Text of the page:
The Islamic State group launched a coordinated assault Sunday on a natural gas plant north of Baghdad that killed at least 14 people, while a string of other bomb attacks in or close to the capital killed 15 others, Iraqi officials said.
The dawn attack on the gas plant began with a suicide car bombing at the facility's main gate in the town of Taji, about 20 kilometers (12 miles) north of Baghdad. Several suicide bombers and militants then broke into the plant and clashed with security forces. The dead included six civilians and eight security forces; 27 troops were wounded.
The ISIS-affiliated Aamaq news agency credited a group of "caliphate soldiers" for the attack.
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Closed-circuit television images showed as an explosion hit inside the facility. As flames engulfed the facility and nearby palm trees, pedestrians were seen running for cover. A crowd gathered to watch as thick black smoke rose above the plant, sections of which were left in ruins. The top of one of the gas-processing units was blown off.
In a statement, Deputy Oil Minister Hamid Younis said firefighters managed to control and extinguish the fire. He said technicians were examining the damage. Hours after the attack, passers-by inspecting the damage posed for cell phone photos in front of the ruined complex.
Elsewhere, four separate bomb attacks left another 15 people dead and 46 wounded in the fifth-straight day of ISIS-claimed attacks in and around the Iraqi capital. Since Wednesday, more than 140 people have been killed in a spate of bombings in Baghdad and elsewhere.
The wave of attacks comes as Iraqi ground forces have achieved a number of key territorial victories against the extremist group.
Brett McGurk, the Obama administration's diplomatic point man in the international fight against the Islamic State group, told journalists in Jordan that the tide was turning against extremists.
"This perverse caliphate is shrinking," said McGurk, a presidential envoy to the 66-member anti-ISIS coalition.
In the past month, ISIS has lost a swath of key territory along a supply route in Iraq's vast western Anbar province that the extremists had used to ferry fighters and supplies between Iraq and Syria. But after losing territory along the Euphrates River valley, that line has been cut, according to Iraqi and coalition officials.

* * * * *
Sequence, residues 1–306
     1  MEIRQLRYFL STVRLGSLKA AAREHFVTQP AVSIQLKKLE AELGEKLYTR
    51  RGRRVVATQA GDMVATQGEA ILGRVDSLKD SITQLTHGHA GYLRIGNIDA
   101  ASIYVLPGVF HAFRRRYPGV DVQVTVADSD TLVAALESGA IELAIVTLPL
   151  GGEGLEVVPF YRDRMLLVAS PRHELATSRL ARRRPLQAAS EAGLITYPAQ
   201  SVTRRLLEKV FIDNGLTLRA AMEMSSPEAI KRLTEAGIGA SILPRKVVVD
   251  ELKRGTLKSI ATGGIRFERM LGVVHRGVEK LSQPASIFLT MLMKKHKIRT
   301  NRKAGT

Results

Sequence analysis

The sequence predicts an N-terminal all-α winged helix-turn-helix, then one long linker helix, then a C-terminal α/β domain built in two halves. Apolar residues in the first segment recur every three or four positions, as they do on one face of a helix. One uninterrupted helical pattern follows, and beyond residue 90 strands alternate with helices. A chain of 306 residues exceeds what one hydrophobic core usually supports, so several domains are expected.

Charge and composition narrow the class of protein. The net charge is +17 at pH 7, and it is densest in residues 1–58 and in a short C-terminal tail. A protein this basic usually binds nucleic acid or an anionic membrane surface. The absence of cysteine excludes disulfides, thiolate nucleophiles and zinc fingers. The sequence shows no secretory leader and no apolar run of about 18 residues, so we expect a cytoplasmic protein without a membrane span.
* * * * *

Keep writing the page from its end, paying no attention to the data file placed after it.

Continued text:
As the Islamic State militants are pushed back along front lines, the group is increasingly turning to insurgency-style terrorist attacks to detract from their losses, the officials said.
However, despite battlefield successes against ISIS, Iraq's political leadership is in disarray as a deepening political crisis has gridlocked government. Parliament has not met for more than two weeks after supporters of influential Shiite cleric Muqtada al-Sadr stormed Baghdad's highly fortified Green Zone. The breach followed repeated delays to government reform legislation that lawmakers claimed would fight Iraq's entrenched corruption.
"It's possible that some of the political unrest in Baghdad has led (the Islamic State group) to think that they can somehow stir up more chaos than usual," said Nathaniel Rabkin, managing editor of Inside Iraqi Politics, a political risk assessment newsletter.
"ISIS hopes that somehow if they just keep up the pressure, the Iraqi government will at best collapse or at least become incapable of pursuing a cohesive approach" to fighting the extremists , Rabkin said, using an alternative acronym for ISIS.
While the U.S.-led coalition acknowledges the planning phase of Iraqi military operations against the Islamic State group has been slowed by political unrest, Rabkin says there is no evidence the ISIS terrorist attacks have had a direct impact on the military campaign against the extremists.
Besides the assault on the gas plant, Sunday's attacks included a car bomb at a shopping area in the town of Latifiyah, about 20 miles (30 kilometers) south of the capital, that killed seven people, including two soldier, officials said. Eighteen people were wounded in the attack, four of whom were soldiers.
Elsewhere in Baghdad, three separate bomb attacks targeted commercial areas, killing at least eight civilians and wounding 28 others, police said. At total of 29 people were killed in the day's violence.
Medical officials confirmed the casualty figures. All officials spoke on condition of anonymity as they were not authorized to release information.
ISIS extremists still control significant areas in northern and western Iraq, including the country's second-largest city of Mosul. The group declared an Islamic caliphate on the territory it holds in Iraq and Syria and at the height of its power was estimated to hold nearly a third of Iraqi territory. Iraq's Prime Minister says the group's hold has since shrunk to 14 percent.
Associated Press writers Qassim Abdul-Zahra and Murtada Faraj in Baghdad and Maamoun Youssef in Cairo contributed to this report.